Student photographs dirt paths where the sidewalk ends

This story was originally published in the Nov. 17 issue of Fourth Estate.

A Mason student has started using photography to document the numerous dirt paths around campus.

Caroline Weinroth, a junior studying theatre, initially began the project as a simple video slideshow for her Computer Aided Design class. It inspired Weinroth to continue to photograph the dirt pathways that students have created.

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The path outside of The Hub. Photo Credit: Caroline Weinroth

“I went around campus and took photos of the dirt paths around campus with my phone and then edited it together into a movie file,” Weinroth said. “Video isn’t my strongest art form, so the end result I submitted for class looked pretty amateur.”

After that course, Weinroth decided to continue taking photographs of these paths and started a Twitter account to share her pictures with the community.

“I created a Twitter, @MasonPaths, since I really admire the George Mason culture that has arisen on Twitter,” Weinroth said. “With Twitter being used by official university groups as well as unofficial student-made fan pages, I thought it would be the most accessible for Mason students. There are only a few photos so far, but maybe we’ll see popularity grow.”

The account features pictures from various spots in different areas of campus. One image is of a well-tread dirt path between Southside and the Hub, another takes a wide-angle view of a trail just outside the Art and Design Building and a third displays a muddy path just after a rain shower.

The account description on the Twitter account reads, “There are paved roads that you can follow, or you can choose to create your own path.” This is indicative of what Weinroth believes Mason’s culture to be – students working together to find creative solutions for the problems they’re faced with.

Anthony McLean, a senior Integrative Studies major, provided his opinion on Weinroth’s project and on the paths.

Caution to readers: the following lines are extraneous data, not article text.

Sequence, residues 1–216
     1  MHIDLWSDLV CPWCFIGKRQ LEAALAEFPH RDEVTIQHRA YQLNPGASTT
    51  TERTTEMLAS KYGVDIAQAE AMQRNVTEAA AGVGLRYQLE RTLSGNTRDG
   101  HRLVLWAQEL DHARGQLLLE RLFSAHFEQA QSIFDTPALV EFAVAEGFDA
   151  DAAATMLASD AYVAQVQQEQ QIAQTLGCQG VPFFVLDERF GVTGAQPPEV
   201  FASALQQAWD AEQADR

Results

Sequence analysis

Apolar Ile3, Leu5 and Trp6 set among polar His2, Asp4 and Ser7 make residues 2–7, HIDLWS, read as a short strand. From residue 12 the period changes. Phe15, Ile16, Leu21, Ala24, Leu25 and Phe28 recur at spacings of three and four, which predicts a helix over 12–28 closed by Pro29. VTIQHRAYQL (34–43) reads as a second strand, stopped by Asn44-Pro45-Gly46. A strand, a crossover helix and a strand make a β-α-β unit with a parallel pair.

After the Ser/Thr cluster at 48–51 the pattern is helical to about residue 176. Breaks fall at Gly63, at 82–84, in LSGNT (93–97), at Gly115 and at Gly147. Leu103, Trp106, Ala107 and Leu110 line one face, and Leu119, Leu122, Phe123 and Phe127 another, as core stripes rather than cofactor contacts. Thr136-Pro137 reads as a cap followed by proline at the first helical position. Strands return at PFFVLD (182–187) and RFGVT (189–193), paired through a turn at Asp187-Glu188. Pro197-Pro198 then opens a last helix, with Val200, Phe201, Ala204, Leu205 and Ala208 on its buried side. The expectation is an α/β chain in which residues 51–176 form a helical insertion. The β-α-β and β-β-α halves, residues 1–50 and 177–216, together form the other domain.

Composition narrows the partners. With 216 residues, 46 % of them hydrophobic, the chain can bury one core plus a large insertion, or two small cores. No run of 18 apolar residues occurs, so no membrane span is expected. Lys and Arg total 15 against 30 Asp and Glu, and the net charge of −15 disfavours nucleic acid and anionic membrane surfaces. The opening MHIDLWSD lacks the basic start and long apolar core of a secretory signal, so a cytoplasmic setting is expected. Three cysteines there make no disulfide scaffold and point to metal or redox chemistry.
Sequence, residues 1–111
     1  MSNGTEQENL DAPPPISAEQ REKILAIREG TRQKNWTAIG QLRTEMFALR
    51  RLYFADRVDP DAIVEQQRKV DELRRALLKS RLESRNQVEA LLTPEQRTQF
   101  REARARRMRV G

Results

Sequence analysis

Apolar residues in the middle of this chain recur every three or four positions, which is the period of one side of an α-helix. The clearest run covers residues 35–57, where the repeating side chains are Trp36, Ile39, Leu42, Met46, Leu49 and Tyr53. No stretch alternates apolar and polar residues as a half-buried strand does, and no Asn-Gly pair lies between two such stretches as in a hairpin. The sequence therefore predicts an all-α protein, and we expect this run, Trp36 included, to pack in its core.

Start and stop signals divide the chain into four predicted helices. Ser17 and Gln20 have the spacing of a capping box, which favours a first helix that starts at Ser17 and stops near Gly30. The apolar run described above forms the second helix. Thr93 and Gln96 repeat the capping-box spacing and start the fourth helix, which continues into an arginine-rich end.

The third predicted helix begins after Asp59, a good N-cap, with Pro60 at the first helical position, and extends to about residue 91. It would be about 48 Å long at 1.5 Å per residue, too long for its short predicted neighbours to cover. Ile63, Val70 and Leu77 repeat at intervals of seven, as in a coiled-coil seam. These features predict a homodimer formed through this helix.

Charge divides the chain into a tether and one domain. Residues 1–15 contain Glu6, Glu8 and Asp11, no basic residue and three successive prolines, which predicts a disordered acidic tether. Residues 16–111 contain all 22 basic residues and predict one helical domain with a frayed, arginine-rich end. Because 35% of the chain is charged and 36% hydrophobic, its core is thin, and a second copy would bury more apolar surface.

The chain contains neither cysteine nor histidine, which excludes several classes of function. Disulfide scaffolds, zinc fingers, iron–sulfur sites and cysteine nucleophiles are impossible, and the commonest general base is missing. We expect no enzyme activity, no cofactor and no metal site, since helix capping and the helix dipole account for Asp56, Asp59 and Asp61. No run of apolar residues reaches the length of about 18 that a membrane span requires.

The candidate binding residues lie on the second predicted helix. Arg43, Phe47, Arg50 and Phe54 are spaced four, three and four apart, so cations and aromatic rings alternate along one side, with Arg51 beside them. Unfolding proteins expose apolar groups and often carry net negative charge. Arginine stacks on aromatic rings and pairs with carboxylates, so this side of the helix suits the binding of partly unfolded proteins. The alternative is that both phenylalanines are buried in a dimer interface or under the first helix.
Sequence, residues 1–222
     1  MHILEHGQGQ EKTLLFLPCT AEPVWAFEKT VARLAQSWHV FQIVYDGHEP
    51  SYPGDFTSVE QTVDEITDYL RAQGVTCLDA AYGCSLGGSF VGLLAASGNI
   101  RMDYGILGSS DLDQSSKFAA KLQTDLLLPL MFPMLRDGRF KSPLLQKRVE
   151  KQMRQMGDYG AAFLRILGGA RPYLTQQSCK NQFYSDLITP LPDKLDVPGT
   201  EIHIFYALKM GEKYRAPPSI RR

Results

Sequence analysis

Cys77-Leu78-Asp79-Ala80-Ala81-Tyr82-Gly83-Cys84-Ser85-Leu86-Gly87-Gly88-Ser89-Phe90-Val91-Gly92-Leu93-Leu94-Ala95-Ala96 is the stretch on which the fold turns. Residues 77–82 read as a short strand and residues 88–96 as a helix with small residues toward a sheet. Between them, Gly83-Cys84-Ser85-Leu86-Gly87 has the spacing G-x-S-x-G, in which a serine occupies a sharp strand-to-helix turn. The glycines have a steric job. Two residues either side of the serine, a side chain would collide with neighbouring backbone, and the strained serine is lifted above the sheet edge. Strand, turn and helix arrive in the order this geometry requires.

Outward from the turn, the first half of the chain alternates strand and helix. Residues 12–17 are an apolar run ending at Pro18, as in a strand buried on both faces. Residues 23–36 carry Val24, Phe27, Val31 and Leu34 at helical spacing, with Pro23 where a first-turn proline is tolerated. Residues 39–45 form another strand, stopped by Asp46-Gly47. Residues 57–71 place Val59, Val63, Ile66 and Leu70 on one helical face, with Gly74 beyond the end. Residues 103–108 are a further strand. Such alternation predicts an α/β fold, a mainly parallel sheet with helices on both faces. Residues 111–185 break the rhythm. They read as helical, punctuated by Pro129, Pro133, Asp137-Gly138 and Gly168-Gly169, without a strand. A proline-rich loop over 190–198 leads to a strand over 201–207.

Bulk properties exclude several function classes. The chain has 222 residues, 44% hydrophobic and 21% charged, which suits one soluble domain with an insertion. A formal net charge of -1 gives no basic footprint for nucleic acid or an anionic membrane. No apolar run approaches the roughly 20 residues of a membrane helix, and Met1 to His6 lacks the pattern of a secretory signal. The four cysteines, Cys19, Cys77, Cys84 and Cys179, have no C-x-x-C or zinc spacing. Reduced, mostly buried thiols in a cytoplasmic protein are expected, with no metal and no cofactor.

“Caroline’s project is interesting. I have discussed with friends that there are paths that students have created because the sidewalk did not lead from point A to point B in the best way,” McLean said. “It is quite entertaining to see how students will make their own path based on what suits them, and not what is already provided. I personally enjoy the paths, except when it rains or snows because then there is mud all over the place.

Weinroth had the same thoughts when she first decided to record the paths. She described her own love of nature and her desire to show how Mason students shape the Fairfax campus.

“I just wanted to document all the paths I find walking around campus and figured the best way to share the photos would be through Twitter,” Weinroth said. “I really like seeing dirt-trodden paths and man-made parts of nature. It’s neat to see where people before you have walked. There’s a kind of metaphor behind how, even though there’s a permanent road in place, students have created their own way by thinking alike and taking the same

A path leading to the Nguyen Engineering Building. Photo Credit: Caroline Weinroth

A path leading to the Nguyen Engineering Building.
Photo Credit: Caroline Weinroth


Shannon Pace, a junior studying Environmental Science, expressed her love of nature slightly differently than Weinroth. Pace is frustrated with sidewalks that don’t seem to take students where they want to go, and is hesitant about the man-made developments through natural areas on campus.

“I do not understand why we need sidewalks to begin with,” Pace said. “People like to walk the shortest path to get where they are going, and as you can see from the dirt pathways, students do not care where the sidewalks are. Sidewalks are just giving us more impermeable surfaces and larger floods.”

Weinroth hopes that the end goal of the project will be assisting other students in cultivating an appreciation for the paths.

“I have a lot of creative projects I’m working on – I also make music – so my only goals are just to not abandon this Twitter and to create a sort of community admiration for the way that students shape the George Mason campus,” Weinroth said.

Although she only has three followers on Twitter currently, Weinroth says she is not too concerned for the account’s future. For her, it’s all about promoting a passion and sharing it with anyone else interested.

​“I honestly haven’t gotten much feedback on this project! Maybe @MasonPaths will be the next @GMUCrane, but if not, that’s okay with me,” Weinroth said. “I’m just fascinated by little things in the world and wanted to create a digital shrine to some dirt.”

CORRECTION: The published version of this story attributed a quote by Pace to Weinroth. Fourth Estate apologizes for the error.

Featured image courtesy of Caroline Weinroth.